Some stories aren't meant to be passed down. For instance, stories with so many ups and downs and turns and twists that they sound like a National Lampoon movie are always better from the horse's mouth. Retelling that sort of story is right on par with second-hand news. For that reason, we're going to let Randy Thompson of Castro Valley, California, tell you his story about how his '57 Chevy came to be:

"In '89 I wanted to build a truck, but not just any truck: a '57 Chevy with a big window. After looking at several project trucks, I saw an ad in the Penny Saver that read: ''57 Big-Window Chevy, frozen 396 motor.' I decided to go take a look. Turned out the truck had rotten bed wood, the side glass had bullet holes in them, and the dash was covered with 3-inch-long black gorilla fur! So I purchased it for $1,000. After I drug it home, I proceeded to remove everything from the truck until it was down to bare frame.

"Now fast-forward to '95: After the truck had been sitting in my backyard for six years, my financial situation had improved-as in my kids had moved out-which meant I now had the money to start the truck. First the frame was taken to Magnum Force in San Jose, California, to get boxed and C-notched. They then installed a Chris Alston's four-link with Varishock coilovers. Also in the mix was a 50-inch-wide 9-inch Ford rearend with a Williams pumpkin and axles, Wilwood disc brakes, and 31x18.50-inch rubber. Next, I took the truck to KJ's Auto Body in Oakland. There, Kenny installed a front clip from a '73 Malibu.

"While all this was going on with the chassis I had the body, which I thought was pretty cherry, media-blasted. You can imagine my surprise when I picked up the cleaned parts encrypted with dents, rust, holes, and more dents and holes. I had Kenny at KJ's hand-fab new front and rear cab corners and floorpans. To save money I decided to tackle the body and paintwork. My wife said I just like to make dust, because all I seemed to do was put Bondo on and sand it right back off! By '01 I was ready for paint. That year I also installed a Nash five-speed, at my wife's request. By this point I was taking the truck out for drives regularly. In '04 I met Ben at Smeding Performance and purchased one of his 383 crate motors. With the new motor the truck runs a 12.70 @ 114.28 in the quarter-mile.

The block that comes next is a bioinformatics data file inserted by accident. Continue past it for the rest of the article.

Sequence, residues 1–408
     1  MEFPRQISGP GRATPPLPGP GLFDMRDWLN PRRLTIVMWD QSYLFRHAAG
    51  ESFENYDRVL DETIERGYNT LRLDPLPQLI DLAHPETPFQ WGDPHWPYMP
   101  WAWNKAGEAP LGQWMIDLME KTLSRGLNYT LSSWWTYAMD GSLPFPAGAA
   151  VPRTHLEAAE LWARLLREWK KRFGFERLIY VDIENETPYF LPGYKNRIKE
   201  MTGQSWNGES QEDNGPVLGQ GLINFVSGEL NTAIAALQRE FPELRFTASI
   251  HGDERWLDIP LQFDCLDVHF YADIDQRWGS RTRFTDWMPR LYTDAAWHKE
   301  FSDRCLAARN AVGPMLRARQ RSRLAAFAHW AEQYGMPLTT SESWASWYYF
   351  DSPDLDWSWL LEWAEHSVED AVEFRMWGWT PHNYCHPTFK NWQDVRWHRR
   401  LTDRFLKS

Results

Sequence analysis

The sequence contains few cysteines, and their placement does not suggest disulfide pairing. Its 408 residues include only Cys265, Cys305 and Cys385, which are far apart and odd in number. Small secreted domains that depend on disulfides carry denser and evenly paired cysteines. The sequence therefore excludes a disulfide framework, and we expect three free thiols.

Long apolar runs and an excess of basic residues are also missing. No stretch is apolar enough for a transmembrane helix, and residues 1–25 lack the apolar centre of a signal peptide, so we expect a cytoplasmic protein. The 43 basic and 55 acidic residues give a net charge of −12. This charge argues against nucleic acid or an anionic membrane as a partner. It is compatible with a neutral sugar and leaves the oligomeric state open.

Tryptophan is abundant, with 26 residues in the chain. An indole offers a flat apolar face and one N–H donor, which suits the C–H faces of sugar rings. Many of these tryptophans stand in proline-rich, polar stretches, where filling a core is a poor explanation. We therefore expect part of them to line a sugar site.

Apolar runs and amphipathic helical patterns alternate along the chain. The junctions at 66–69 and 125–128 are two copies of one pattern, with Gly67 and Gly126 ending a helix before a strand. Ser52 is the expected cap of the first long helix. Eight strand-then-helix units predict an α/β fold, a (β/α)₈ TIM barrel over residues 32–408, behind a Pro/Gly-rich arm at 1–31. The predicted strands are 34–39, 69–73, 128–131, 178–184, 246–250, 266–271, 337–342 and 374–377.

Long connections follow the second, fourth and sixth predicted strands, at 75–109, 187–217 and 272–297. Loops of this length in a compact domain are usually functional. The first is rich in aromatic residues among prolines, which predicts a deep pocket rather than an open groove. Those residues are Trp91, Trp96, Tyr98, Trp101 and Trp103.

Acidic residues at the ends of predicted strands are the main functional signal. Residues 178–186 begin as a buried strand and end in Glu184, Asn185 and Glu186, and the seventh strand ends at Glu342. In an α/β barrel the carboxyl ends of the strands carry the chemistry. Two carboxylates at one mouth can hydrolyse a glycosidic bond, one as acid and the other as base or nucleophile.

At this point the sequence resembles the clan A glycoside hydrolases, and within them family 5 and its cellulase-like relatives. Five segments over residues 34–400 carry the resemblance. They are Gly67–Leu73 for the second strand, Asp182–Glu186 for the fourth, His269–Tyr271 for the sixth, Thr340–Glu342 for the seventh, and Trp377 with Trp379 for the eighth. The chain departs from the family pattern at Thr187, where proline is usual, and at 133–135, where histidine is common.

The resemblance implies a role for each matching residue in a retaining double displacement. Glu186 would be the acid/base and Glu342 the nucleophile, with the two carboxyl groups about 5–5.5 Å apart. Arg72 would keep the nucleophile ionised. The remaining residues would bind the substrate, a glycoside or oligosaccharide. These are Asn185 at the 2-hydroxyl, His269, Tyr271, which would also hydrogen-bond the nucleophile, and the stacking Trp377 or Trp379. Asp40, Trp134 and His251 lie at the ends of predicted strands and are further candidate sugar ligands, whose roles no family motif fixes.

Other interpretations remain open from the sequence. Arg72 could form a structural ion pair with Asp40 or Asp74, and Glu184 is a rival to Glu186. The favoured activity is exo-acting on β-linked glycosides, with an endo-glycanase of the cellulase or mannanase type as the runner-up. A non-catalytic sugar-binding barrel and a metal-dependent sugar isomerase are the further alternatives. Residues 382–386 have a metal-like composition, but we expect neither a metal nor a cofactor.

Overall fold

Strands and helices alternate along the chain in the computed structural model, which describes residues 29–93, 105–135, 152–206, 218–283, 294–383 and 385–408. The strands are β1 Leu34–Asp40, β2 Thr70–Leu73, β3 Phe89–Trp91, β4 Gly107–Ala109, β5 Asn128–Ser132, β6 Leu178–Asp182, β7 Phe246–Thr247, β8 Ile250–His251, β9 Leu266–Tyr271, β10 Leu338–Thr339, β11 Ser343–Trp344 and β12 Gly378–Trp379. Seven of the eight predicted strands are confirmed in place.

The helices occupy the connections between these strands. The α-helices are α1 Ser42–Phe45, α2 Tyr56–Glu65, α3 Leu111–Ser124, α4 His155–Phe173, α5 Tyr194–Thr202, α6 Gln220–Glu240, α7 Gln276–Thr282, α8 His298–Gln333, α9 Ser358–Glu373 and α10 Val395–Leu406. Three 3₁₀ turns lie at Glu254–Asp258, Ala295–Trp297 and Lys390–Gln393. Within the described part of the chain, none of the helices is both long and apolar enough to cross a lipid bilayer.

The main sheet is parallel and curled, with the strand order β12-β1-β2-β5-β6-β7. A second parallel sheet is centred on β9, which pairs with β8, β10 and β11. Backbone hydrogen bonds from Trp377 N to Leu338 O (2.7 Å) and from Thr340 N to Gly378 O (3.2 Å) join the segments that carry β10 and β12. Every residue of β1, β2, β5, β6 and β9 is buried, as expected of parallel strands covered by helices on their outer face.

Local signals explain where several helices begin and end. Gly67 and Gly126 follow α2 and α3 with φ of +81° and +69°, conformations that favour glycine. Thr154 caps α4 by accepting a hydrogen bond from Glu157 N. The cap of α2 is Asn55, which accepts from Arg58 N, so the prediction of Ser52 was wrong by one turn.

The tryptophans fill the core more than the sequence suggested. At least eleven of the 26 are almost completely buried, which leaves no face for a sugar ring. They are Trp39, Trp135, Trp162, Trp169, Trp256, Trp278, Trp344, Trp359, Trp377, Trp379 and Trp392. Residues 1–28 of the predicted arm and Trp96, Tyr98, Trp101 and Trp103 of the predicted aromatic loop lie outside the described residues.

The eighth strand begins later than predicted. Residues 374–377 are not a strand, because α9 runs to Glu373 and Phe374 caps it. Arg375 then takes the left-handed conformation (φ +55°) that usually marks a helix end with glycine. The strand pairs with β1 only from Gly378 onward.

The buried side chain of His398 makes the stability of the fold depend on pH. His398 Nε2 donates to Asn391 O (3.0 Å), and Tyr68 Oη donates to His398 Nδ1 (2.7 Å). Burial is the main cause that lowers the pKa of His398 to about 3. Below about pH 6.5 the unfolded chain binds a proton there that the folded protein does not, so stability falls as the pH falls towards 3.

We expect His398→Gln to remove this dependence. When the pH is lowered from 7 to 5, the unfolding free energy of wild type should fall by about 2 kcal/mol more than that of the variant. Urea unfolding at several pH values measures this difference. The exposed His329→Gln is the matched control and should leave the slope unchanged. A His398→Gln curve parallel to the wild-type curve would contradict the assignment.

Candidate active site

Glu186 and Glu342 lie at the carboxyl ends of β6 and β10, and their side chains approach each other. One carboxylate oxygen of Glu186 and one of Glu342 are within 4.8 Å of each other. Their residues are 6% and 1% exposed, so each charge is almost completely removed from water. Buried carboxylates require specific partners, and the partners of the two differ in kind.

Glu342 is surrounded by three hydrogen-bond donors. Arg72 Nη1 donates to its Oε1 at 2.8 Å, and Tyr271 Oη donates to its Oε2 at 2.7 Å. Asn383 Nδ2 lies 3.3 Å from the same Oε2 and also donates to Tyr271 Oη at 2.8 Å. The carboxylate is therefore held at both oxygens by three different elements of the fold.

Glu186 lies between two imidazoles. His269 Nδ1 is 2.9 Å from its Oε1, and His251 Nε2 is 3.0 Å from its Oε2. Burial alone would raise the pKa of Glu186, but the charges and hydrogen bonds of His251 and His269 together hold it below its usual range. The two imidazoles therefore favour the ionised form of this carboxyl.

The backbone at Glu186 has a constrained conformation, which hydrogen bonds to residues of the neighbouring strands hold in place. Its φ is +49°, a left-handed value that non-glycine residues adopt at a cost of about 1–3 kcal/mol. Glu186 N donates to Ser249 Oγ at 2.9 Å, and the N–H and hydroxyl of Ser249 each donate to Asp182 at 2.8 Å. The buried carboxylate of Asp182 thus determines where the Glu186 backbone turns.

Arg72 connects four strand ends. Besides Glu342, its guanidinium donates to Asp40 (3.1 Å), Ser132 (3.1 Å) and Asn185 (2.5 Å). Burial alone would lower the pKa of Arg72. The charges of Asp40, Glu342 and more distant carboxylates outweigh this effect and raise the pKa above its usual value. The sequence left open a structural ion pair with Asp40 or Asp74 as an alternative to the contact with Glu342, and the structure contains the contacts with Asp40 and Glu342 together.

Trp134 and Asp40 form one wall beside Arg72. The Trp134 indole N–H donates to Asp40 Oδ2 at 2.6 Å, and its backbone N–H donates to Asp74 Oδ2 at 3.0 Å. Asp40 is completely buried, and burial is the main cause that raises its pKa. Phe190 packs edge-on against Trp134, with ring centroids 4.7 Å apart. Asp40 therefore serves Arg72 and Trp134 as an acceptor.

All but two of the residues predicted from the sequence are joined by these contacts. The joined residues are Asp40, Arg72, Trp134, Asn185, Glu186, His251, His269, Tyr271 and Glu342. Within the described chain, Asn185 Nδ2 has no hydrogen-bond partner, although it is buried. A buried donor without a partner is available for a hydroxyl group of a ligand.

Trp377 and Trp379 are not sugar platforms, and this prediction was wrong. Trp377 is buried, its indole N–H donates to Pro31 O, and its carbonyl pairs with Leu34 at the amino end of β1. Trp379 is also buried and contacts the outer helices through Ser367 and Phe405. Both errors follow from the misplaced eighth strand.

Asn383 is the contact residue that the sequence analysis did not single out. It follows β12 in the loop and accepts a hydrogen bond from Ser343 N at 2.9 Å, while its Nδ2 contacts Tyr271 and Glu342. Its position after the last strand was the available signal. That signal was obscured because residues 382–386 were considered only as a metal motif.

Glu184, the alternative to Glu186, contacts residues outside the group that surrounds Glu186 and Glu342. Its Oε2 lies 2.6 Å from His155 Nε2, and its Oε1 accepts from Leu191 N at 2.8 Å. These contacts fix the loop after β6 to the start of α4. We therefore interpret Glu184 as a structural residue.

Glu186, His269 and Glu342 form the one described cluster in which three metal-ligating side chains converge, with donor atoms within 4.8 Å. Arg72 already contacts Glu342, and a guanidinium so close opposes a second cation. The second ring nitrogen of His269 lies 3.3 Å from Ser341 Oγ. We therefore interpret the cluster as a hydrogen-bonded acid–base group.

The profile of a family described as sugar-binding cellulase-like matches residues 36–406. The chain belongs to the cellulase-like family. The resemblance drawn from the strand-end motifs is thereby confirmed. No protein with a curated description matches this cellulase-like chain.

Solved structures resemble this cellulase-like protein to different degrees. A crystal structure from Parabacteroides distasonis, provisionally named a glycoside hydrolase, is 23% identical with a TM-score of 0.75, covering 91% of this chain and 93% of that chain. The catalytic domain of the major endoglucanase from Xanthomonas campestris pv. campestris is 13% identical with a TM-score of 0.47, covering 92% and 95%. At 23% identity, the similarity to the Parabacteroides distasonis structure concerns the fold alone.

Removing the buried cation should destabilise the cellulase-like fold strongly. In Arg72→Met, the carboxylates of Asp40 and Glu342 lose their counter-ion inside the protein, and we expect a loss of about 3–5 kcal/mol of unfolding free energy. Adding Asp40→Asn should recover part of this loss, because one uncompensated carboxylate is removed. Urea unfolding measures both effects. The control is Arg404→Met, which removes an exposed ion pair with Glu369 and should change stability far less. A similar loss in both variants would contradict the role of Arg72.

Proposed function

"In October 2006, disaster struck. While returning from a show in Lodi, the studs on the driver-side rear broke off and I spun around hitting a concrete overpass at 60 mph backwards. I wasn't hurt, but the truck sure was. Everything from the cab back needed to be replaced and the frame was displaced 6 inches. I then took the truck to East Bay Frame and Axle. There, Marty straightened the frame and installed a new Alston four-link and Currie rearend. I then ordered a Pro's Pick bed, roll pan, and tailgate. The truck, along with the new parts, was then taken to Claire Street Auto Body where Ralph began working his magic on the dented cab and rear half. It was also at this time Ralph suggested to me that we french the parking lights and headlights. Then that thought transpired into also installing new taillights in the roll pan and shaving the antenna, cowl vent, and driprail. After a month of resisting all these mods, I gave the go ahead to Ralph to go crazy. It was at this time he found that the rattle-can primer job I did in 2001 didn't stick. At one point Ralph peeled a 2-foot square of paint right off the truck! At that point he said the only way he would continue is if we-we beingme-would strip the cab and front sheetmetal down to bare metal. Once stripped, Ralph then laid down a basecoat clearcoat custom-mix PPG Aqua/Blue paint job.

"I then took the truck to Sure Fit Upholstery, where Jim covered the interior-based around Cadillac Seville seats-and bed with leather and BMW gray wool carpet. Topping the entire package off is a set of Intro Speedstar rims (8x18 up front and 14x20 out back) with Michelin rubber (235/40/18 up front and 335/30/20 out back). Now that the truck is back on the road I've changed its name from 'Tubby '57' to 'resu-wreck-tion!'"

Now that's what we call a journey. At least it has a happy ending.

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